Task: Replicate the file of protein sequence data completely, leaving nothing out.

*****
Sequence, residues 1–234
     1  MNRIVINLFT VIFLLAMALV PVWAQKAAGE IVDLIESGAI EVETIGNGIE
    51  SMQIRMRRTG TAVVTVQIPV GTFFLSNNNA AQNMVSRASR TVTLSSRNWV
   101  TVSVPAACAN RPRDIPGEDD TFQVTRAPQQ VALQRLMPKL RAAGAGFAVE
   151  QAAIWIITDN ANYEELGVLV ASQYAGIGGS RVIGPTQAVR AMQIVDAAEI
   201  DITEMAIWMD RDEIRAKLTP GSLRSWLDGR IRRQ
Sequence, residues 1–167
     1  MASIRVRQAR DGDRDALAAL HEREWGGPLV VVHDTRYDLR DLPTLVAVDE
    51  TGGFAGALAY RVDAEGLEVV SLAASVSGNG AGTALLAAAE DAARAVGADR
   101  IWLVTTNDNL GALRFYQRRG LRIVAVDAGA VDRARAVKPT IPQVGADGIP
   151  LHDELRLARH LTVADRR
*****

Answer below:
Sequence, residues 1–234
     1  MNRIVINLFT VIFLLAMALV PVWAQKAAGE IVDLIESGAI EVETIGNGIE
    51  SMQIRMRRTG TAVVTVQIPV GTFFLSNNNA AQNMVSRASR TVTLSSRNWV
   101  TVSVPAACAN RPRDIPGEDD TFQVTRAPQQ VALQRLMPKL RAAGAGFAVE
   151  QAAIWIITDN ANYEELGVLV ASQYAGIGGS RVIGPTQAVR AMQIVDAAEI
   201  DITEMAIWMD RDEIRAKLTP GSLRSWLDGR IRRQ
Sequence, residues 1–167
     1  MASIRVRQAR DGDRDALAAL HEREWGGPLV VVHDTRYDLR DLPTLVAVDE
    51  TGGFAGALAY RVDAEGLEVV SLAASVSGNG AGTALLAAAE DAARAVGADR
   101  IWLVTTNDNL GALRFYQRRG LRIVAVDAGA VDRARAVKPT IPQVGADGIP
   151  LHDELRLARH LTVADRR